Marvel: Black Panther
Marvel: Captain America: Civil War
Marvel: Deadpool 2
Marvel: Once Upon a Deadpool
Mary and the Witch’s Flower
Mary Queen of Scots
Mathilda (Russia)
May Bee
Maze Runner: The Death Cure
Meg
Midnight Sun
Millions (Russia)
Mission Impossible Fallout
Monster Family
Monster Island
Mortal Engines
Mowgli Decoy Planets
Murder on the Orient Express
My Favorite Dinosaur
My Little Pony
Nevedimka
Night Games
Niproshchenyi (Russian)
Niscrushimi (Russian)
Ocean’s 8
Overboard
Pacific Rim 2
Paddington 2
Peppermint
Pet Semetary
Piligrim (Russia)
Play or Die
Power Rangers
Prishelits (Russia)
Proza Brodyach Psob Anime
Rampage
Ready Player 1
Red Sparrow
Renegades
Ribbit
Robin Hood 2018
Robot Park Ad
Rossvet (Russia)
Santa and Company (France)
Saw 8
Searching
Second Act
Selfie from Hell
Serenity 2019
Shape of Water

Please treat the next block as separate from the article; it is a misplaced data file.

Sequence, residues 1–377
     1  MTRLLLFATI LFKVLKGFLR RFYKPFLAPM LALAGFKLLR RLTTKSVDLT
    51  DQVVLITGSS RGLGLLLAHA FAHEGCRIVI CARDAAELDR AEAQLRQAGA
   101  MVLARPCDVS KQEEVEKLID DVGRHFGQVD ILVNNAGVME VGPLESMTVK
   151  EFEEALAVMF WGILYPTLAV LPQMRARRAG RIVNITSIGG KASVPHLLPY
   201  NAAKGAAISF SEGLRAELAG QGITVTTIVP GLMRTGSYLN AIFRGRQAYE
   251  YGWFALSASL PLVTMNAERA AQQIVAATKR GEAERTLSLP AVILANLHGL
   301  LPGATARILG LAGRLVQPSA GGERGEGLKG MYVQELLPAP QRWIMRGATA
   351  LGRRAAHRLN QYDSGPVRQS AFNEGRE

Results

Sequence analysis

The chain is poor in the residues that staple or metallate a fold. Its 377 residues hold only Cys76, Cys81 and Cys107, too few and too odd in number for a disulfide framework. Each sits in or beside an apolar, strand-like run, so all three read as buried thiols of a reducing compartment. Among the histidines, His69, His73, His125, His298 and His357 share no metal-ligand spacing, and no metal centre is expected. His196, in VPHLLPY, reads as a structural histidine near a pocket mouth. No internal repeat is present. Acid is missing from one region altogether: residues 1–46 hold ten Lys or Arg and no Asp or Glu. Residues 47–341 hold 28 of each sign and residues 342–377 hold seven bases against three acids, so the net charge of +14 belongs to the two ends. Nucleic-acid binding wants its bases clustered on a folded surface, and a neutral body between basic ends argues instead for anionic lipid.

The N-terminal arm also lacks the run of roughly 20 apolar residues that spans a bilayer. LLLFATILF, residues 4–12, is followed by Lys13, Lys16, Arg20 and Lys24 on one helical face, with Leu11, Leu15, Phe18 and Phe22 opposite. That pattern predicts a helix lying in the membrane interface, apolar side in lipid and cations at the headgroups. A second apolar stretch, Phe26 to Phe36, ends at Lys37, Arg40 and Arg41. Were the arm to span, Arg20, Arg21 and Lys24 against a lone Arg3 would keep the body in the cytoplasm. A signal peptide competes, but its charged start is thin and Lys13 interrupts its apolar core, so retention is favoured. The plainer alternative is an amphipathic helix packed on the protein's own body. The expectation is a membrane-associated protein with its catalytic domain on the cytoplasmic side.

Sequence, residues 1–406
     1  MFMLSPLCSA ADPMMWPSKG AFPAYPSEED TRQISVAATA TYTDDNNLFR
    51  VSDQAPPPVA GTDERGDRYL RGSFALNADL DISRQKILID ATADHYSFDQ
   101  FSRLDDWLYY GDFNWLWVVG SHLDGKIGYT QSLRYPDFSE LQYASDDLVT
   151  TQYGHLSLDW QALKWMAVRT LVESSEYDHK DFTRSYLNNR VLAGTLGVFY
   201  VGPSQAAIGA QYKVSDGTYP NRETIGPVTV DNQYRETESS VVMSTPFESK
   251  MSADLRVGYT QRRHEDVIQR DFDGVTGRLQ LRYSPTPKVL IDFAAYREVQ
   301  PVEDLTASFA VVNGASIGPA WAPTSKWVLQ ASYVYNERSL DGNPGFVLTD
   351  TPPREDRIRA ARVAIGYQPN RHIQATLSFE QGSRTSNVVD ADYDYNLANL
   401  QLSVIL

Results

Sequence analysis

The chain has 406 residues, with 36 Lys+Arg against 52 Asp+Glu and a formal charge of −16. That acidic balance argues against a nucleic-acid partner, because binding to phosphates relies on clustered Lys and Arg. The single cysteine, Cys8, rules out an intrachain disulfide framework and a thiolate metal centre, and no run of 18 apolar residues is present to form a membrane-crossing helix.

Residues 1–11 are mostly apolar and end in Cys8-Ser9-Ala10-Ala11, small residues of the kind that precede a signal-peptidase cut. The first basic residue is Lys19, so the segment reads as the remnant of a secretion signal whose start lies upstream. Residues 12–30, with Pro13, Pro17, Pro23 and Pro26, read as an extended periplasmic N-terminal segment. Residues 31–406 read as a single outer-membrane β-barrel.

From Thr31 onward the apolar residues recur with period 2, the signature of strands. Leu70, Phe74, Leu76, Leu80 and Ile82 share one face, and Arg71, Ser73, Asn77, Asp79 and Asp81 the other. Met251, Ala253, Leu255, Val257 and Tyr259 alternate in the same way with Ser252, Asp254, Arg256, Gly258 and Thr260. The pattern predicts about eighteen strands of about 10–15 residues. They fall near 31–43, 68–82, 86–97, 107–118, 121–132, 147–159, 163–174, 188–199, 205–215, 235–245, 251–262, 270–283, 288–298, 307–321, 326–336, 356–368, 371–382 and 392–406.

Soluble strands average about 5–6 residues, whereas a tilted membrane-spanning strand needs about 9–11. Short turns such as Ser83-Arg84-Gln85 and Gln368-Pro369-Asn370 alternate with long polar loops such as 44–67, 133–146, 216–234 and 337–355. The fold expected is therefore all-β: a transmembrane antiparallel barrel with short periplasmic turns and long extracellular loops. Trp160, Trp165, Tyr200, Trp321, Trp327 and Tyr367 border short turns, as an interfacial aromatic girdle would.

Sicario 2
Skyline 2
Skyscraper
Smallfoot
Smurfs: The Lost Village
Snow Queen
Snowman
Spascti Leningrad
Star Wars: Solo
Star Wars: The Last Jedi
Suburbicon
Super Bobrovyi (Russia)
Tad and the Secret of King Midas
Tag
Tanks (Russia)
The Boy and the Beast
The Cured
The Curse of Llorna
The Dark Tower
The Foreigner
The Girl in the Spider’s Web
The Greatest Showman
The Hitman’s Bodyguard
The Hustle
The Kid Who Would Be King
The Legend of Kolovrat (Russia)
The Little Vampire
The Mercy
The Mountains Between Us
The New Year (Russia)
The Nun
The Predator 2018
The Professor and the Madman
The School (2018)
The Upside
Three Warriors and the nasledushi prestola
Three Warriors and the Princess of Egypt
Time of Monsters
Titan
Tobol (Russia)
Tomb Raider
Truth or Dare
Unsane
What Happened to Monday
Who Is Who
Widows
Wildling
Winchester: The house that Ghosts Built
Wish Upon
Wolf Obtsi
Wonder
Wonder Park
You Were Never Really Here
Your Name
Zapovednik (Russia)

How ‘Avengers: Endgame’ is helping Netflix